Eventually I will probably divide this page along the lines of pre-Independence, post-independence and Irish Regiments of the British Army, but for now I’ll be posting anything of interest.
Click on images to enlarge.
The Reading Room, Royal Hospital, Dublin
Old soldiers wearing the same style uniforms as the Chelsea Pensioners, relax, read and, no doubt, reminisce about past exploits. Given that the card dates from c.1905/10 and judging by their elderly appearance some of them might have served as far back as the Crimean War (1853-56) or the 2nd Afghan War (1878-80). The Royal Hospital Kilmainham, now the Irish Museum of Modern Art, was established as far back as 1681 to house sick and veteran soldiers from the British Army. Unknown publisher.
The Defence of the Bridge at Athlone
A Valentine’s card depicting the heroic efforts of a small number of Jacobite soldiers to hold the bridge at Athlone against Williamite forces during the 2nd Siege of the city in June 1691.
Bridging in Moore Park, Fermoy, Co.Cork
An interest WW.I. era card showing British troops on a bridge building exercise. No publisher.
Jacob & Co. Biscuits in the Libyan Desert
I always find cards like this very poignant and wonder if the poor sods in the picture survived to see their loved ones again. No publisher indicated on this card, but it obviously dates from the WW.I. era.
The Battle of Vinegar Hill, Enniscorthy, Co.Wexford – June 21st, 1798
“Charge of the 5th Dragoon Guards on the insurgents – a recreant yeoman having deserted to them in uniform is being cut down”.
The Battle of Vinegar Hill was the turning point of the 1798 rebellion and the rebels were broken as a military threat despite being able to withdraw from the field with most of their men. The decorative scenes recorded here by artist William Sadler II (1782 – 1839) were based on accounts of the battle rather than being witnessed by the artist.
Unknown publisher. The cards still occasionally turn up for sale.
Artillery Camp, Glen of Imaal, Co.Wicklow
A simple, probably locally published, card sent from Ireland during the Great War. More details shortly.
Millmount Fort, Drogheda, Co.Louth
There’s been a fortification at Millmount in Drogheda since the earliest days of the arrival of the Normans, but the present tower dates from the early 19th century. The peaceful view above (pub.by Corcoran) dates from the early 20th century.
The fort was to be the scene of further bloodshed when, during the Irish Civil War, its anti-Treaty garrison came under artillery fire from Free State forces on the 4th July, 1922. The fort sustained serious damage but has recently (2000) been fully restored – Visitor information here.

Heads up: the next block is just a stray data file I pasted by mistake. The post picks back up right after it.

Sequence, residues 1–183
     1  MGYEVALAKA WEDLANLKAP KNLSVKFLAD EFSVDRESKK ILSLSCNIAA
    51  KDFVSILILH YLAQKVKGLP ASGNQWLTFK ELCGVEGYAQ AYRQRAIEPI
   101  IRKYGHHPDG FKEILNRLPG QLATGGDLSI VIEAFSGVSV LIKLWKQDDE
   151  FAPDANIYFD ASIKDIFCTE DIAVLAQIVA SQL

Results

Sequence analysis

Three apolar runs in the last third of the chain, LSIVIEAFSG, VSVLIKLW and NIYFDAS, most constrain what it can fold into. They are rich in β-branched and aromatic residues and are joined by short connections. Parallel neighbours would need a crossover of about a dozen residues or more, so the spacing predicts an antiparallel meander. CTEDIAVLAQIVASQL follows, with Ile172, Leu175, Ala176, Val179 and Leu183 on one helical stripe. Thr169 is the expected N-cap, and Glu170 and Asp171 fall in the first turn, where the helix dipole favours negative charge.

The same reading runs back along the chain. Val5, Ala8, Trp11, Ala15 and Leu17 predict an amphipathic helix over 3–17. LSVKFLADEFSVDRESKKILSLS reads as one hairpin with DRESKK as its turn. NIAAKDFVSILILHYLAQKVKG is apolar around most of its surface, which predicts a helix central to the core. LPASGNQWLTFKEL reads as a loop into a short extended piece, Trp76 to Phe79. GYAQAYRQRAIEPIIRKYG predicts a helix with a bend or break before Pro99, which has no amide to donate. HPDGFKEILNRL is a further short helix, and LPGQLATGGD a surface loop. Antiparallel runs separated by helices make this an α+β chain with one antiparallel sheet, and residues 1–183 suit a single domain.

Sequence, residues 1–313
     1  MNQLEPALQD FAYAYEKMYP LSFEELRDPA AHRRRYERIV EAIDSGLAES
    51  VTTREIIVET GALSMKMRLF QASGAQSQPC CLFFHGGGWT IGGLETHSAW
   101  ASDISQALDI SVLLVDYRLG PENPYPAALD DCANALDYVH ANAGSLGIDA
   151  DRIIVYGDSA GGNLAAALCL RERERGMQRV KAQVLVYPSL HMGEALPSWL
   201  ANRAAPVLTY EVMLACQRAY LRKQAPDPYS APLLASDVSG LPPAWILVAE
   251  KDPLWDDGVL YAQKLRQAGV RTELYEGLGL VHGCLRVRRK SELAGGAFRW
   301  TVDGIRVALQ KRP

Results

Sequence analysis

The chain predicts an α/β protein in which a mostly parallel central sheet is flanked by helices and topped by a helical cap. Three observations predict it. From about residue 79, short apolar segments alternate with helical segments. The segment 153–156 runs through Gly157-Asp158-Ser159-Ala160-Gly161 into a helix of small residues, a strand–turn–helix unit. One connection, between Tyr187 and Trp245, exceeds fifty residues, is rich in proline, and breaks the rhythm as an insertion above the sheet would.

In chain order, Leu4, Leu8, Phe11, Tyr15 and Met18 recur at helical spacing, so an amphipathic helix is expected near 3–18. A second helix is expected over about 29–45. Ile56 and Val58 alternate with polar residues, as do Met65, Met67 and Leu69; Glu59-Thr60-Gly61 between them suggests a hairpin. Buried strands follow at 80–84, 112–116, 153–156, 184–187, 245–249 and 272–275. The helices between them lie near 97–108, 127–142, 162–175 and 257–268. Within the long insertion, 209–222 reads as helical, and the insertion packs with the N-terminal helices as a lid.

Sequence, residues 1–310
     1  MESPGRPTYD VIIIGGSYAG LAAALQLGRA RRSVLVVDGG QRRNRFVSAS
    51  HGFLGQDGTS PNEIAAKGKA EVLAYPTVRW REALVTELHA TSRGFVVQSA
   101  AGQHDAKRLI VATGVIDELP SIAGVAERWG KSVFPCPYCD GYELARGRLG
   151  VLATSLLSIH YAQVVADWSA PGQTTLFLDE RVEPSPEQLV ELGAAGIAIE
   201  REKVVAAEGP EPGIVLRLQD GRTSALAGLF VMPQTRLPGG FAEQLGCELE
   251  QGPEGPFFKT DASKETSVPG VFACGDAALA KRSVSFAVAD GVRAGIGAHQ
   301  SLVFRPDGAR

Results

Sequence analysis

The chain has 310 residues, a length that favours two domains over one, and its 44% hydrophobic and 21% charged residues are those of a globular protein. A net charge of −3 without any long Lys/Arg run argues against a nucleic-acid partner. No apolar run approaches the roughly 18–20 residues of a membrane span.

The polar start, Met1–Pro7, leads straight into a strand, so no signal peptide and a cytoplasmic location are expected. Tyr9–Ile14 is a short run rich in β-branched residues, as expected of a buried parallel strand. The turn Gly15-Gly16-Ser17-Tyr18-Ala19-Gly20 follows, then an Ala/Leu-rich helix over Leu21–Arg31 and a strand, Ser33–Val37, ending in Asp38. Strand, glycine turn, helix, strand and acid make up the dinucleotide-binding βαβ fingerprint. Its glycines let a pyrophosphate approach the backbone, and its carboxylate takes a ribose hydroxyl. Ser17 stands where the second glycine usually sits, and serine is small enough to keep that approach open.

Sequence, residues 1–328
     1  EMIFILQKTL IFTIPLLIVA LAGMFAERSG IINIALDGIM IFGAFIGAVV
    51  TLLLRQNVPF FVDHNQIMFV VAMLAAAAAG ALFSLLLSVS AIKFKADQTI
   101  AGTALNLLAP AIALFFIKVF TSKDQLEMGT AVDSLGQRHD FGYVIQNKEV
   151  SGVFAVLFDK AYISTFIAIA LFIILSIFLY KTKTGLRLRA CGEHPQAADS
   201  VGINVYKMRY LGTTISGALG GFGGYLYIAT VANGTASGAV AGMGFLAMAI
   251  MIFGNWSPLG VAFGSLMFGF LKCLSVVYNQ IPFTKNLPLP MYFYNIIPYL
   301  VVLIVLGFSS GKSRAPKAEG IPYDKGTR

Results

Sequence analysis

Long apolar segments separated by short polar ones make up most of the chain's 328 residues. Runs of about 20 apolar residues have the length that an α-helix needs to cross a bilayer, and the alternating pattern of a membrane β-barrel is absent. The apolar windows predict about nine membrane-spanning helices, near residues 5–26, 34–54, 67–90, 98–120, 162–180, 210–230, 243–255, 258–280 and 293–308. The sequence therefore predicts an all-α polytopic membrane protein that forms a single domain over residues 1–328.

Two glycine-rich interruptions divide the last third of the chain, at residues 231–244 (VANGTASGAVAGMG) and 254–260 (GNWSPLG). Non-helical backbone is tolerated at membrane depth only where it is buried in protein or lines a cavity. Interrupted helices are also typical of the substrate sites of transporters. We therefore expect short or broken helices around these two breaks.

More information here: Millmount_Fort
A colourful World War.I. card by J.Salmon Ltd.
Moore Park was a cadet camp near Fermoy Barracks, Co.Cork. An interesting first-hand account of the British military at Fermoy during WW.I. can be found here: The Military Barracks Fermoy
Curragh Camp, Co.Kildare
Left to right: the Water Tower (circa 1908) is a good place to start as many of the postcards views of the Curragh were taken from the tower. Curragh from Tower and the Post Office.
Some background history about the Curragh Camp.
Everything was provided within the camp including a cinema and a branch of Eason & Son booksellers.
Left to right: a Valentines view of the cinema circa 1917/19 and an undated photograph of the Eason & Son shop.
Marborough Barracks, Dublin
Above, an interesting pair of cards showing members of The Life Guards regiment on parade at the then Marlborough Barracks – renamed as the McKee Barracks in 1926 and still in use today. The cards were postally used in 1905. The photograph was probably taken during one of the Royal visits to Ireland – Queen Victoria (1900) or Edward VII (1903 and 1904).
The barracks has long been a cavalry centre and today is the base for the Irish Army Equitation School.
Old Irish Regiments of the British Army
Left to right: The Connaught Rangers and The Royal Munster Fusiliers from Gail & Polden Ltd ‘History & Traditions Series‘ (pub.circa 1909) – artist John McNeill. Scarce but available online and you can expect to pay in the region of £10 per card.
Famous Military Figures
Lord Frederick Roberts of Kandahar (1832-1914) – a giant in military terms – and with strong Irish connections they don’t come any bigger apart from the Duke of Wellington. Although born in India his father was from Waterford and his mother’s people came from County Tipperary.
The Past is truly a Foreign Country
No, it’s not Buckingham Palace….
A corner of a foreign field that is for ever Ireland – with apologies to Rupert Brooke. A quiet corner of St.Paul’s Cathedral in London which house the tombs of the three famous Irish military figures. No publisher shown – purchased from a dealer in Romania.